Wednesday, June 19, 2019

Paris Theater

VANISHING

When the Ziegfeld closed, the Paris became Manhattan's last single-screen movie theater. Now, according to Deadline, it will vanish.



It is "expected to shutter in late July, according to the buzz on the Gotham arthouse theater circuit," they write.

Located just under Central Park, next to the Plaza Hotel, "The Paris is owned by Sheldon Solow, best known for the prestige building 9 West 57th Street. It has been booked for years by Bob Smerling, who didn’t return phone calls. The presence of throwback houses like The Paris is dependent upon the goodwill of the handful of family owned real estate companies that dominate Manhattan. That theater occupies prime real estate that could most certainly be used for other purposes and draw high rents."

This, after the recent loss of Lincoln Plaza Cinemas, speaks to two problems with this city: The rents and the rents.

Maybe someone will step up and save this one.





7 comments:

baseballtom said...

Wow this is really sad. The last great single screen movie theatre left in Manhattan after the Beekman and Ziegfeld closed down, this one was personally my favorite and I had hoped that it would soldier on. I have always loved it as it is with its unique programming, but, at the very least, this would be a great opportunity for Amazon or Netflix to step in and show their respect for film exhibition by purchasing the theatre and premiering some of their films there. Also, I hope people show up and buy tickets in the next month in the hopes of moving the needle in any way possible. This area has lost some great landmarks in recent years (Rizzoli, Steinway Hall) and it would be truly sad to see this beautiful theatre give way to another luxury apartment lobby or chain store.

James said...

You just knew this one would move on, didn't you? I have often looked at the Paris as a gonner for some time, only because the trend is to forget the past and just make money. It's the motivation that has changed New York from a colonial outpost to something so vast there's virtually no way to encapsulate it. The problem is, the murder rate of our past has been increasing with desperation, as the planet fills up with people and fewer resources find our tables.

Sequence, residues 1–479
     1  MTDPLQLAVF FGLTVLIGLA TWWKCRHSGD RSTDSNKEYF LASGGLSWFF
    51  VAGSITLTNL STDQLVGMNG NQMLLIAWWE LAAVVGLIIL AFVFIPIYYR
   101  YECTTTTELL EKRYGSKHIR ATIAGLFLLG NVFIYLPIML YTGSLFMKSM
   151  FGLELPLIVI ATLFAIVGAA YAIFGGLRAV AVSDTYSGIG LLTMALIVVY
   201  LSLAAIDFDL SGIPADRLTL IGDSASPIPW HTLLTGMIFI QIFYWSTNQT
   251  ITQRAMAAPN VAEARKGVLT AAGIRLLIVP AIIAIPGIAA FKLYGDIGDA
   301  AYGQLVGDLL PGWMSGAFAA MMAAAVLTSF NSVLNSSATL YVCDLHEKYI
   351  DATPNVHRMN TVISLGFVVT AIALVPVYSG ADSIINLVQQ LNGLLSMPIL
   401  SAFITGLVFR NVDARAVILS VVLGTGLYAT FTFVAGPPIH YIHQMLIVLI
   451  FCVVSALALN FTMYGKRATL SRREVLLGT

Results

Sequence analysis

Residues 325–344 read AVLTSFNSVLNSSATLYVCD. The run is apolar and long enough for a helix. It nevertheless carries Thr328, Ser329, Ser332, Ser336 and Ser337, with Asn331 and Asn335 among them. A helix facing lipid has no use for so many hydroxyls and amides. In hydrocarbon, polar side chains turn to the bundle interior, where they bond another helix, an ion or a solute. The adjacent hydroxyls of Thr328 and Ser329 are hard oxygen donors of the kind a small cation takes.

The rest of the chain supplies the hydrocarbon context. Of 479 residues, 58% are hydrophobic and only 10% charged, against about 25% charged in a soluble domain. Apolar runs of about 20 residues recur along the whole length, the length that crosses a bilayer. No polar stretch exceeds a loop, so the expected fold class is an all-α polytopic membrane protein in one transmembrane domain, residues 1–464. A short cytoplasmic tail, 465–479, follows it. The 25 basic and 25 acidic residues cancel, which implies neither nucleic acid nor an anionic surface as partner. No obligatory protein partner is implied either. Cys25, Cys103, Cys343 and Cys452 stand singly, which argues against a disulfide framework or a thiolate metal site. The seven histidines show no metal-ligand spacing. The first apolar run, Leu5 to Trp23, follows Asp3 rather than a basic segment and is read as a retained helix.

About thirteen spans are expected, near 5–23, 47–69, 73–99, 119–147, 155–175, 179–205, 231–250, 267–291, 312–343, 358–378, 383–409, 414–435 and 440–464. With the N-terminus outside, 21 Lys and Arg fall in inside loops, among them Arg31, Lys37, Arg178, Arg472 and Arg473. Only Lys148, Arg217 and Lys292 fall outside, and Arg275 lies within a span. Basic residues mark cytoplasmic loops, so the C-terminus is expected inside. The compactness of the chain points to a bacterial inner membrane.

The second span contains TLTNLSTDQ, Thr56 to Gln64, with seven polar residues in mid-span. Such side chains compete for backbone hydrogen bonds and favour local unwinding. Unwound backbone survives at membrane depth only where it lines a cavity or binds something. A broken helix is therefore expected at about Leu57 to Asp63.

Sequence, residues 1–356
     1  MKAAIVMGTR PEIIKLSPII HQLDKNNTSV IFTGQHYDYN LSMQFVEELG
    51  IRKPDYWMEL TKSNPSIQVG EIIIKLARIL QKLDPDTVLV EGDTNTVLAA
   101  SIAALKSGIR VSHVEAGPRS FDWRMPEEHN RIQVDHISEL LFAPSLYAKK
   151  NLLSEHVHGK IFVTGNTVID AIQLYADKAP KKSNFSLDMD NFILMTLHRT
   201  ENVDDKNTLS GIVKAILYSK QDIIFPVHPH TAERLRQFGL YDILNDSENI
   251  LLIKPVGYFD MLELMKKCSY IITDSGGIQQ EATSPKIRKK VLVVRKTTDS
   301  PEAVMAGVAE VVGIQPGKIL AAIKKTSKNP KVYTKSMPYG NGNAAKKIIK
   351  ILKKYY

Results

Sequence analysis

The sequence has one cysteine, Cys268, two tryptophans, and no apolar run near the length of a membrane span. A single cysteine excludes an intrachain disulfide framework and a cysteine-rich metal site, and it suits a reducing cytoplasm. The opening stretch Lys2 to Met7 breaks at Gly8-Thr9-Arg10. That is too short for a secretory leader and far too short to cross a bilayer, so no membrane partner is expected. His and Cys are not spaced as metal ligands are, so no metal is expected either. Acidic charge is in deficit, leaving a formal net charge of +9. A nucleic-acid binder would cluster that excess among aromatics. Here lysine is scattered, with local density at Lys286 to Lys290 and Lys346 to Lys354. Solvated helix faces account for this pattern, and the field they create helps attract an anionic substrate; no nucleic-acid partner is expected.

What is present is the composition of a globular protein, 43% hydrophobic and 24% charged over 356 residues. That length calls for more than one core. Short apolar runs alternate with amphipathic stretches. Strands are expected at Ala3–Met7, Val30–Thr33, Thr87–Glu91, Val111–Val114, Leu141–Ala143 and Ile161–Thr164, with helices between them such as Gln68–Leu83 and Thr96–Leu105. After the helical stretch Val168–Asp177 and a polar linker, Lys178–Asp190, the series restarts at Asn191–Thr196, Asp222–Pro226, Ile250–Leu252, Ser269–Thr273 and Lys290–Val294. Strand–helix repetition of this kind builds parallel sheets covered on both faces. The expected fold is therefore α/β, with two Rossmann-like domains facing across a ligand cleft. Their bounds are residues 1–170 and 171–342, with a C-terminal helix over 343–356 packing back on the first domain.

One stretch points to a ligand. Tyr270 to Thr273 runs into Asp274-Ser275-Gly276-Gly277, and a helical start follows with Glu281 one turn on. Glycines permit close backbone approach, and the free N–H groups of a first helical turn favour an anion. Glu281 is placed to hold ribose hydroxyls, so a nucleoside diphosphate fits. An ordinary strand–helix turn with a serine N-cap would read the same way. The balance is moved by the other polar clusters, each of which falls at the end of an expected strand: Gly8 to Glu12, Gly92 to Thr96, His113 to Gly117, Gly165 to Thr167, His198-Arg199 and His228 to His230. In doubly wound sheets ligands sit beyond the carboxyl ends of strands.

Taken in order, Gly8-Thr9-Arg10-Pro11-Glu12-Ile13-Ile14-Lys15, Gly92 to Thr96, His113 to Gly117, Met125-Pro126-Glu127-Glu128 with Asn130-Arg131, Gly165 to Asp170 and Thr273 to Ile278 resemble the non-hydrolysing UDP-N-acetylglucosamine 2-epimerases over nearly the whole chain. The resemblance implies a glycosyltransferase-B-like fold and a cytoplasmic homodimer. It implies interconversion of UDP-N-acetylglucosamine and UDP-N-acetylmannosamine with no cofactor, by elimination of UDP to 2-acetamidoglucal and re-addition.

I'm very sad about this, remember movie excursions there going back about 34 years. There was also a movie theater in the Plaza Hotel, two more inside Carnegie Hall, another one just across 57th Street, and the great Paramount movie theater at Columbus Circle, just to outline a few. Never mind the Ziegfeld or the Plaza Cinema (was that it?), and even that all pales in comparison to what was available before 1965, when one simply went out to the pictures at night or stayed cool in a brutal July, for 18¢, at a second-run house on 42nd Street.

All the shaming in the world can't seem to put old Manhattan together again.

Unknown said...

I recall going to the Paris in the mid-70's to see one of the Rolling Stones movies. Can't recall which one. I was living uptown then, taking the #4 bus down 5th. No matter what has been said, NYC during the 1970's was dangerous, fun and MAGICAL.

JimmyD said...

My only problem with The Paris is that prestige film park there for weeks, sometimes months.
Maybe if it were a rep theater (The Castro has the BEST programming), there would be more traffic? Every time I go to The Paris, there are very few others there.
It's a GORGEOUS theater. It would be a shame to lose it.

David Everitt-Carlson said...

I went to the Ziegfeld right before it closed to see Interstellar in 70mm. Awesome. It had 1000 seats on one floor. There were six of us there that night. Just glad I had the experience. Will hit the Paris this month.

meesalikeu said...

Well Whit Stillman has to stop making his occasional droll movies altogether now, because I cannot imagine watching them anywhere else.

alyssl said...

As of this morning it has officially closed. There is a sign outside of the door and it has been removed from the City Cinemas website. I never got the chance to go as I’ve only lived here for a few years. Just really, really heartbreaking.